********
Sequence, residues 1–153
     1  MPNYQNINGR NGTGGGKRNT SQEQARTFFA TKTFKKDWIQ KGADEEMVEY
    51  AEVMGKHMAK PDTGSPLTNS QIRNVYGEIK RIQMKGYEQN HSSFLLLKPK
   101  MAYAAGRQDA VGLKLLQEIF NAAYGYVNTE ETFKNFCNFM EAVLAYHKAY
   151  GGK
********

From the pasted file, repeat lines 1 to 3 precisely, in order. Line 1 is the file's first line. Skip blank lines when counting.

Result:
Sequence, residues 1–153
     1  MPNYQNINGR NGTGGGKRNT SQEQARTFFA TKTFKKDWIQ KGADEEMVEY
    51  AEVMGKHMAK PDTGSPLTNS QIRNVYGEIK RIQMKGYEQN HSSFLLLKPK